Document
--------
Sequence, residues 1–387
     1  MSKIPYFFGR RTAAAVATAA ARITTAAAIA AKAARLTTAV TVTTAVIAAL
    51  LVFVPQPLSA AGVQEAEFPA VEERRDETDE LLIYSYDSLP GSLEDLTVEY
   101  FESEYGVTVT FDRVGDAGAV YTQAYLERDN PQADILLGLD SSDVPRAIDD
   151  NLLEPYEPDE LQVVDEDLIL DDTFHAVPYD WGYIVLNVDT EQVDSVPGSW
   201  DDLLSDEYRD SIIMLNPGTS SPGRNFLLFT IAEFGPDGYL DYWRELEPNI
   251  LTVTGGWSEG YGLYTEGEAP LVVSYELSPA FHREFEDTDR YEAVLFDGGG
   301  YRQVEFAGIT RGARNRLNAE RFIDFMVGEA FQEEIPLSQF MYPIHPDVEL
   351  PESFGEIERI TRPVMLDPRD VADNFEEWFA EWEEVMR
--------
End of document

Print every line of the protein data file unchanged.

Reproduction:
Sequence, residues 1–387
     1  MSKIPYFFGR RTAAAVATAA ARITTAAAIA AKAARLTTAV TVTTAVIAAL
    51  LVFVPQPLSA AGVQEAEFPA VEERRDETDE LLIYSYDSLP GSLEDLTVEY
   101  FESEYGVTVT FDRVGDAGAV YTQAYLERDN PQADILLGLD SSDVPRAIDD
   151  NLLEPYEPDE LQVVDEDLIL DDTFHAVPYD WGYIVLNVDT EQVDSVPGSW
   201  DDLLSDEYRD SIIMLNPGTS SPGRNFLLFT IAEFGPDGYL DYWRELEPNI
   251  LTVTGGWSEG YGLYTEGEAP LVVSYELSPA FHREFEDTDR YEAVLFDGGG
   301  YRQVEFAGIT RGARNRLNAE RFIDFMVGEA FQEEIPLSQF MYPIHPDVEL
   351  PESFGEIERI TRPVMLDPRD VADNFEEWFA EWEEVMR